KANONHSTATON – Despite some frantic and grossly exaggerated posts on local blogs, only a couple of families with property abutting the former Douglas Creek lands, now known at Six Nations as Kanonhstaton, have been in any kind of verbal conflict with Six Nations people at the edge of the contested site, near Caledonia.
Aside from the complaints and allegations of Caledonia resident Donna Reid, her friends and relatives, it has been relatively peaceful since the installation of fence posts along the Northern perimeter of the lands began last week.
The latest engagement between one such neighbour and Six Nations residents was over a Native flag installed behind the home of Reid on land that she infringed upon when she built a garden extending onto the contested property.
Caledonia resident Randy Fleming warned those at the site Friday that unless fence posts across what used to be the Northern entrance road to Kanonhstaton, were removed, there would be “action”, Fleming did not specify what that would entail.
Friday night passed, as did Saturday, Sunday and Monday, and to date the fence posts are still up and awaiting the chain link fencing to be installed this week, which will separate the Thistlemore Street backyards from the Kanonhstaton land.
Other neighbours have voiced no complaint about the fence and have even helped with the cleanup of the “no-go-zone” established between the OPP and Six Nations to keep the peace between them. Some children from the Thistlemore area and Six Nations have also played a few impromptu baseball games together during the clean-up phase.
Both Reid and Fleming are known supporters of anti-Native rights activist Gary McHale, who has been confronting Six Nations people at the site for years with unwelcome publicity stunts designed to provoke reaction.
McHale and his followers believe all who live in what is known as Canada are Canadians and are equal in the eyes of the law. Although that statement seems valid and reasonable to many, the fact is that Onkwehon:we people do not see themselves as Canadian. Likewise, the Federal Crown in Right of Canada and the Province in Right of Canada, have legislated and proclaimed a very real separation between Canadian and the Onkwehon:we people living on traditional lands they occupied since long before European contact.
In order for McHale and his followers’ world view to be true, existing treaties and agreements with the Mohawks, the Five Nations, and the Six Nations Haudenosaunee Confederacy, as protected under the Royal Proclamation of 1763, the British North American Act of 1867, the Canadian Constitution Act of 1982 and the United Nations Declaration on the Rights of Indigenous Peoples of 2010, as well as the Indian Act which Canada depends upon in its relationship with First Nations, would all have to be ignored and abandoned.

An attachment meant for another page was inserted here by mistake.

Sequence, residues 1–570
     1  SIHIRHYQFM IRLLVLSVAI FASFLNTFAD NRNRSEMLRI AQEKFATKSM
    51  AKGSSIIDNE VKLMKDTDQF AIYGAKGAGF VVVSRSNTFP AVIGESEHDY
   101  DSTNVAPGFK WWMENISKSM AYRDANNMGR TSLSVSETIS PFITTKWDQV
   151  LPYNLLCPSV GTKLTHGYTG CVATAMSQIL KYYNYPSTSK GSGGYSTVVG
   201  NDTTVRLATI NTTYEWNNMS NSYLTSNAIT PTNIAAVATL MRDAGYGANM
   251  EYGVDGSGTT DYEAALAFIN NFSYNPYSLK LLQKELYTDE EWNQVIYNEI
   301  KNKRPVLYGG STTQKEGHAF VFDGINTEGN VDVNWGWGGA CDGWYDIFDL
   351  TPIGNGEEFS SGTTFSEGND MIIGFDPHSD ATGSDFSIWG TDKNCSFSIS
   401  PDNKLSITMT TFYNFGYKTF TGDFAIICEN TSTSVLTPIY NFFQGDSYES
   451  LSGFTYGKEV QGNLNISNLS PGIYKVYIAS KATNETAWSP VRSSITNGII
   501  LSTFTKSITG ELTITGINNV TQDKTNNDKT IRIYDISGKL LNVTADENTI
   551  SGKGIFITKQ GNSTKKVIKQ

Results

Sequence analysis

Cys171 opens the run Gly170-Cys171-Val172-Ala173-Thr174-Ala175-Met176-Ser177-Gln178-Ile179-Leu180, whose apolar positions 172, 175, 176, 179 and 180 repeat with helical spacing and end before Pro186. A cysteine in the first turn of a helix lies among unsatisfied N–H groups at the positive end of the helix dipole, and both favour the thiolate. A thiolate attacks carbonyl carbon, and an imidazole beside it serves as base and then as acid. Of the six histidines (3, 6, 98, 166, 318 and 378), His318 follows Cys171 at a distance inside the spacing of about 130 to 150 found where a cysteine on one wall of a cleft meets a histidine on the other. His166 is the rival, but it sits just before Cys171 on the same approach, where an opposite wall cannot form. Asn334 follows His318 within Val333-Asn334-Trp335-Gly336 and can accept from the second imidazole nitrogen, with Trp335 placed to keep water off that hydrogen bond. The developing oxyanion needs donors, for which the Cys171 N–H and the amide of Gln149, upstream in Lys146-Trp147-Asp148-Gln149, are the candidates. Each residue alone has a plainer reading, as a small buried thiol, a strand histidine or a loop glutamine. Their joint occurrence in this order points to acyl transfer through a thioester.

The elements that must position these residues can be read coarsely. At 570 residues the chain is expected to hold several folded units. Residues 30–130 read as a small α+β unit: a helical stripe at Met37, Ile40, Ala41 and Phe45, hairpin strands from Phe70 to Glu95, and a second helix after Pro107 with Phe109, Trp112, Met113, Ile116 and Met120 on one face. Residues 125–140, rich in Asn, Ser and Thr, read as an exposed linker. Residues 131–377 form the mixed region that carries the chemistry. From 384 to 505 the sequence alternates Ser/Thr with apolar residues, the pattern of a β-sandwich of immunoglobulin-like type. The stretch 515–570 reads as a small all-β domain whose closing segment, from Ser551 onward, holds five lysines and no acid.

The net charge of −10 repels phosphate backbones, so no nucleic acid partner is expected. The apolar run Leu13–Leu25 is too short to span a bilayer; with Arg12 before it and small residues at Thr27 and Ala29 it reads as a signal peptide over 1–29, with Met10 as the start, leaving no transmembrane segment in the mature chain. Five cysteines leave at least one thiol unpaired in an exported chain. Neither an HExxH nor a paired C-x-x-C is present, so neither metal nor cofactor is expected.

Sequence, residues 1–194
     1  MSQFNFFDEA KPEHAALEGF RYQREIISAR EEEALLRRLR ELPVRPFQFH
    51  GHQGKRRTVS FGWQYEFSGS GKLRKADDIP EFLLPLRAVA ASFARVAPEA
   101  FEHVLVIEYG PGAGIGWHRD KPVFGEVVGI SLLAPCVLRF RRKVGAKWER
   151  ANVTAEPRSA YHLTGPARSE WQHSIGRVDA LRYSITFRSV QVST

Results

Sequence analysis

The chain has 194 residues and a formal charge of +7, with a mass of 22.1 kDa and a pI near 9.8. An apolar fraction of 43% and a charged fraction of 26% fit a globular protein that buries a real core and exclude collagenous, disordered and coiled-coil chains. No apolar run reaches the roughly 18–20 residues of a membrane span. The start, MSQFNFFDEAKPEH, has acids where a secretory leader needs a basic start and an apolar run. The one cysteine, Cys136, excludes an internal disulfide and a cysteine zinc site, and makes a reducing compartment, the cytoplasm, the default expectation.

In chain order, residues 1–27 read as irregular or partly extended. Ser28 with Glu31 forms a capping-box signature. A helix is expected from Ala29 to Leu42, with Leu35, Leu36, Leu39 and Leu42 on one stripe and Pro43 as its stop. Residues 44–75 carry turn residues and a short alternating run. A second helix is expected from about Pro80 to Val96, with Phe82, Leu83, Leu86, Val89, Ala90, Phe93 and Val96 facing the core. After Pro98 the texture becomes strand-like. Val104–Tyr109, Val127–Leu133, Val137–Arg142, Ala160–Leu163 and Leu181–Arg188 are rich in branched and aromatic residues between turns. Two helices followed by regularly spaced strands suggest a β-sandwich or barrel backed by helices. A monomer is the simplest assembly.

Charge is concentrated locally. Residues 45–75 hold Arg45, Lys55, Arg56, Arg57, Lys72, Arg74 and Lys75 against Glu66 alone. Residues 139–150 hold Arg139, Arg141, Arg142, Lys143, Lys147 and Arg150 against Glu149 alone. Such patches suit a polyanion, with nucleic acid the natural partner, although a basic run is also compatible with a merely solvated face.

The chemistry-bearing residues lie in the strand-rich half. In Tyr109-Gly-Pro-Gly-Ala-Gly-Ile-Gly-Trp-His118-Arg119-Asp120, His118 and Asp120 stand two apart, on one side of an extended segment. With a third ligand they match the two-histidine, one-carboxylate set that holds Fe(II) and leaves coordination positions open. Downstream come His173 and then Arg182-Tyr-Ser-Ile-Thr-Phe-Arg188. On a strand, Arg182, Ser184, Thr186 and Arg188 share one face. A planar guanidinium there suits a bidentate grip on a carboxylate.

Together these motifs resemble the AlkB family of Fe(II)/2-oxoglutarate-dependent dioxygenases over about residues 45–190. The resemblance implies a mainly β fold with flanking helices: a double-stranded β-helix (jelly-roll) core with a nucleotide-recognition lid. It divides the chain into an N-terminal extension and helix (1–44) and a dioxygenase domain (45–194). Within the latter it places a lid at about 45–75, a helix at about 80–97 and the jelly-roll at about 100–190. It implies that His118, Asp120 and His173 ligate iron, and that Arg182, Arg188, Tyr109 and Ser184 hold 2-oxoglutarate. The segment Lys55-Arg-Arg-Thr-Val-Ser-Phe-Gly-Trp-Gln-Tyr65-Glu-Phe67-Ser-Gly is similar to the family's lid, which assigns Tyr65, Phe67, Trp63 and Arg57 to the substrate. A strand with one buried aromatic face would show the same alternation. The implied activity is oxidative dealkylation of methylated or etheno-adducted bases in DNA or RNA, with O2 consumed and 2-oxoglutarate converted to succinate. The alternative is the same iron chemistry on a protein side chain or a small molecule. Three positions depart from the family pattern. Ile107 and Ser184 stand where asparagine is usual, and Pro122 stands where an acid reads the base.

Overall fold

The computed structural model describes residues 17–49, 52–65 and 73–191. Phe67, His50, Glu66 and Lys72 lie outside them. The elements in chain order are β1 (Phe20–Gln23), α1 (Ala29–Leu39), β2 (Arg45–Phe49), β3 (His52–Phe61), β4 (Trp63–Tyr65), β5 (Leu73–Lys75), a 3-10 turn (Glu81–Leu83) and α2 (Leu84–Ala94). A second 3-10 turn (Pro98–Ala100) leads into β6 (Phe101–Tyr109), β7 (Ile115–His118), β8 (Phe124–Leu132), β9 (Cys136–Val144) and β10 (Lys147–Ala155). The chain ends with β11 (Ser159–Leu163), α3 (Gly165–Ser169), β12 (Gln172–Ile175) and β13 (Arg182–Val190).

To the displeasure of some, there actually are two sets of laws at work whenever if comes to dealing with Six Nations, especially within the Haldimand Tract of six miles on either side of the Grand River, from source to mouth.
The blog states that the writer’s 71 year-old grandmother has been terrorized by Native protesters for nine years. The reclamation of Kanonhstaton actually did not start until February of 2006, eight years ago, but still a long time on anyone’s calander.
It states she has been targeted for “standing up for herself”. She also accuses those on the site of being in her back yard, or patrolling the area, “sometimes with guns”.
This is an allegation that is bluntly denied by Six Nations land protectors at Kanonhstaton who strictly adhere to a no-guns policy at all times.
The blog continues with the usual McHale style rhetoric that the OPP idly stands by and watches the Natives’ “illegal activities” and does nothing about it.
The blog writer calls for help, which is hoped will rally some kind of action against the Haudenosaunee at the site.
The blog says the fence is being built through Mrs. Reid’s garden, but does not say that the garden and the land the fence is going through are not part of her property at all. Reid says that she has received permission to extend her garden past her property line onto the contested land by local officials and indigenous leaders. But there has been no indigenous leader we have been able to find who has given such permission to do so. The province remains silent on the issue.
The Province holds Ontario Land Registry deed to the land after purchasing it from Henco, the original developers. The Haudenosaunee Development Institute, which oversees the site on behalf of the Confederacy Chiefs Council, says the province was well aware of the plan to build the fence and at one point even suggested a wooden fence be installed.
Someone is clearly not telling the truth here, or perhaps it’s everybody involved. But either way, it is not helping to prevent the situation from flaring up into open conflict again.